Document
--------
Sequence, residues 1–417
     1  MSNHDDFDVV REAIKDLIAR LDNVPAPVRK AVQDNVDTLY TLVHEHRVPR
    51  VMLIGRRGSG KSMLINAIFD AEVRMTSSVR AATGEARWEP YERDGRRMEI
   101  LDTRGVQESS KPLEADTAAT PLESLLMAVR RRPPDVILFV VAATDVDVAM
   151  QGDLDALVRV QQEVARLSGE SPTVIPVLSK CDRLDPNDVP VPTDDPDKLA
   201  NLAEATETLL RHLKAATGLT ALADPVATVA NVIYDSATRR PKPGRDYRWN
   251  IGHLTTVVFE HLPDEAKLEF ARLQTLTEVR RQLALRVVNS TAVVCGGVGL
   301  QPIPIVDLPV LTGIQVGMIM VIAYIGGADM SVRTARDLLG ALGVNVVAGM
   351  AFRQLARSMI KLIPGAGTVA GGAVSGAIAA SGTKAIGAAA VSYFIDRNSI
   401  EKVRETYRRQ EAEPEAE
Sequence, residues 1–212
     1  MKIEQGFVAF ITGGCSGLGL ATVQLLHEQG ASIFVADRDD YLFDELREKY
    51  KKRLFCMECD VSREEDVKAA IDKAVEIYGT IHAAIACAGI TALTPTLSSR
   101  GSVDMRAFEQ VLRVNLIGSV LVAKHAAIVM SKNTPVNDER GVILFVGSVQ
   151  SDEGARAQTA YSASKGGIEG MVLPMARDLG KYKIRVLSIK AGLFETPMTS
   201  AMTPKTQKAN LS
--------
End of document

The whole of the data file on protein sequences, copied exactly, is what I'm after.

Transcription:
Sequence, residues 1–417
     1  MSNHDDFDVV REAIKDLIAR LDNVPAPVRK AVQDNVDTLY TLVHEHRVPR
    51  VMLIGRRGSG KSMLINAIFD AEVRMTSSVR AATGEARWEP YERDGRRMEI
   101  LDTRGVQESS KPLEADTAAT PLESLLMAVR RRPPDVILFV VAATDVDVAM
   151  QGDLDALVRV QQEVARLSGE SPTVIPVLSK CDRLDPNDVP VPTDDPDKLA
   201  NLAEATETLL RHLKAATGLT ALADPVATVA NVIYDSATRR PKPGRDYRWN
   251  IGHLTTVVFE HLPDEAKLEF ARLQTLTEVR RQLALRVVNS TAVVCGGVGL
   301  QPIPIVDLPV LTGIQVGMIM VIAYIGGADM SVRTARDLLG ALGVNVVAGM
   351  AFRQLARSMI KLIPGAGTVA GGAVSGAIAA SGTKAIGAAA VSYFIDRNSI
   401  EKVRETYRRQ EAEPEAE
Sequence, residues 1–212
     1  MKIEQGFVAF ITGGCSGLGL ATVQLLHEQG ASIFVADRDD YLFDELREKY
    51  KKRLFCMECD VSREEDVKAA IDKAVEIYGT IHAAIACAGI TALTPTLSSR
   101  GSVDMRAFEQ VLRVNLIGSV LVAKHAAIVM SKNTPVNDER GVILFVGSVQ
   151  SDEGARAQTA YSASKGGIEG MVLPMARDLG KYKIRVLSIK AGLFETPMTS
   201  AMTPKTQKAN LS